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'No let-up' in asylum seeker crisis

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'No let-up' in asylum seeker crisis
Tents set up for asylum seekers. Photo: Vol.at
10:33 CEST+02:00
Tent cities for 400 asylum seekers are being set up in Carinthia and Burgenland - with Interior Minister Johanna Mikl-Leitner saying that she sees no end in sight for the refugee crisis.

She told the Kronen Zeitung newspaper that Austria gets as many as 370 asylum requests per day, and that she was committed to fighting people smuggling and returning refugees to the first EU country they arrived in, under the Dublin Regulation.

She said that Austria has become a top destination for refugees as they believe they are most likely to be granted asylum here. "News has spread via the Internet that our asylum procedures are carried out quickly, and that we have the best benefits and accommodation. In France, thousands of asylum seekers are sleeping in subways and in parks," she said.

She said she could understand why Hungary wanted to construct a fence on its border with Serbia but that she was in favour of more police on the border. Hungary has become a major transit country for refugees and migrants attempting to reach wealthy countries like Austria and Germany. She added that “a breaking point” had been reached but that it should be possible to have a fair distribution of refugees throughout Europe.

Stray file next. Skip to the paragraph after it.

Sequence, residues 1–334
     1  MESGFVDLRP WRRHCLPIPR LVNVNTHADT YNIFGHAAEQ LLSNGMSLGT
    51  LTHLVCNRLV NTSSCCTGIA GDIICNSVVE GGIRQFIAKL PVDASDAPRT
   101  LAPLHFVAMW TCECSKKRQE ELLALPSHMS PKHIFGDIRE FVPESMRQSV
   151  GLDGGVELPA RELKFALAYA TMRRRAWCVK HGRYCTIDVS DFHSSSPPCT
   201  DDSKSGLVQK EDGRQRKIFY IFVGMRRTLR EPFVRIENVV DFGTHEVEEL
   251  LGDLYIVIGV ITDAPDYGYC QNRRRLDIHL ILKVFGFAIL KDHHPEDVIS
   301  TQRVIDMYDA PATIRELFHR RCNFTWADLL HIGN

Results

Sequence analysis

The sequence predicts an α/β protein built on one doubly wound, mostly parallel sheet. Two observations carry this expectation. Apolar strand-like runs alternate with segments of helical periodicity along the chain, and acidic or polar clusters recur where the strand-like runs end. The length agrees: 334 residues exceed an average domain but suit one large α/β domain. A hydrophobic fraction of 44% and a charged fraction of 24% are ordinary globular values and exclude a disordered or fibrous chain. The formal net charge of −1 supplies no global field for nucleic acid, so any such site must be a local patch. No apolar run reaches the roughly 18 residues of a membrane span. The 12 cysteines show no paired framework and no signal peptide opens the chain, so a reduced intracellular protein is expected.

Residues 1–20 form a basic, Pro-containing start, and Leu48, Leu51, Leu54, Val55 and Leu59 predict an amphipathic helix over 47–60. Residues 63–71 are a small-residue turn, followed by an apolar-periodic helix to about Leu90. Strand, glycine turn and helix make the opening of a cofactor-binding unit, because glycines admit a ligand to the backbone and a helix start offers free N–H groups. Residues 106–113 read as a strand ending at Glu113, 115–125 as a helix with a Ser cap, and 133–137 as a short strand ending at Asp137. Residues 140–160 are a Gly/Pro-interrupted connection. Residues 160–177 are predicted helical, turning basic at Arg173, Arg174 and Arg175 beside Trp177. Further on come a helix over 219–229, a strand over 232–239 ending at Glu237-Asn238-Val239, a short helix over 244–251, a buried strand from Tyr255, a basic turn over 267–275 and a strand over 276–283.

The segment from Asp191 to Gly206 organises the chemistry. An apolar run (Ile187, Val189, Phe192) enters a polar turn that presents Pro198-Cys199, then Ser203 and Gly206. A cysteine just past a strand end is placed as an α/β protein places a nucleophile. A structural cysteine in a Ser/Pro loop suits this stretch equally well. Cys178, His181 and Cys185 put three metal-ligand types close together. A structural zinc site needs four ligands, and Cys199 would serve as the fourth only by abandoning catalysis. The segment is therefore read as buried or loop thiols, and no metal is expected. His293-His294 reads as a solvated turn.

She said it was "unsustainable" that refugees should be sleeping outside and announced that 30 tents for 240 asylum seekers would be set up at a security training academy in Krumpendorf in Carinthia, and a further 20 tents for 160 refugees at police headquarters in Eisenstadt. Another 150 asylum seekers will be housed in three gymnasiums in Styria.

The Traiskirchen reception centre in Lower Austria is currently home to 3,200 refugees, 900 of whom do not have a proper place to sleep.

Mikl-Leitner estimated that the number of refugees currently being housed in primary care centres is 41,000, which includes 3,384 unaccompanied minors. So far, in the first five months of this year 620 asylum seekers have been sent back to the first EU country they arrived in, under the Dublin Regulation.

The Interior Ministry has also appealed to private landlords who have empty houses or halls which have some sanitary facilities to get in touch about making their properties available to house asylum seekers.

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